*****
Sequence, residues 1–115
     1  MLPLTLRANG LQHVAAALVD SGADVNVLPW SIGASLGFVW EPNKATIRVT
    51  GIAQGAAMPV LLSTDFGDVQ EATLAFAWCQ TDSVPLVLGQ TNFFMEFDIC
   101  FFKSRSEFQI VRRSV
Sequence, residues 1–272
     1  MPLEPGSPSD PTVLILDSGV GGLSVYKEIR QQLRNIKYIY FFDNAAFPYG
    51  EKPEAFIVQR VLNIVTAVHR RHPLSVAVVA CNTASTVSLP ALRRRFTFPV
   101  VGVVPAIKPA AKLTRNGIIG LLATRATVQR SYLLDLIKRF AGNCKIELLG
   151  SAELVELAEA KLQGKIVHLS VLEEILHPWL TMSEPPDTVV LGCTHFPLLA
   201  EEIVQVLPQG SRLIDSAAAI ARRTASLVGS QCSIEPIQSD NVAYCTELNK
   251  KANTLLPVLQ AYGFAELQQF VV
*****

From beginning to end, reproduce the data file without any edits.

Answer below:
Sequence, residues 1–115
     1  MLPLTLRANG LQHVAAALVD SGADVNVLPW SIGASLGFVW EPNKATIRVT
    51  GIAQGAAMPV LLSTDFGDVQ EATLAFAWCQ TDSVPLVLGQ TNFFMEFDIC
   101  FFKSRSEFQI VRRSV
Sequence, residues 1–272
     1  MPLEPGSPSD PTVLILDSGV GGLSVYKEIR QQLRNIKYIY FFDNAAFPYG
    51  EKPEAFIVQR VLNIVTAVHR RHPLSVAVVA CNTASTVSLP ALRRRFTFPV
   101  VGVVPAIKPA AKLTRNGIIG LLATRATVQR SYLLDLIKRF AGNCKIELLG
   151  SAELVELAEA KLQGKIVHLS VLEEILHPWL TMSEPPDTVV LGCTHFPLLA
   201  EEIVQVLPQG SRLIDSAAAI ARRTASLVGS QCSIEPIQSD NVAYCTELNK
   251  KANTLLPVLQ AYGFAELQQF VV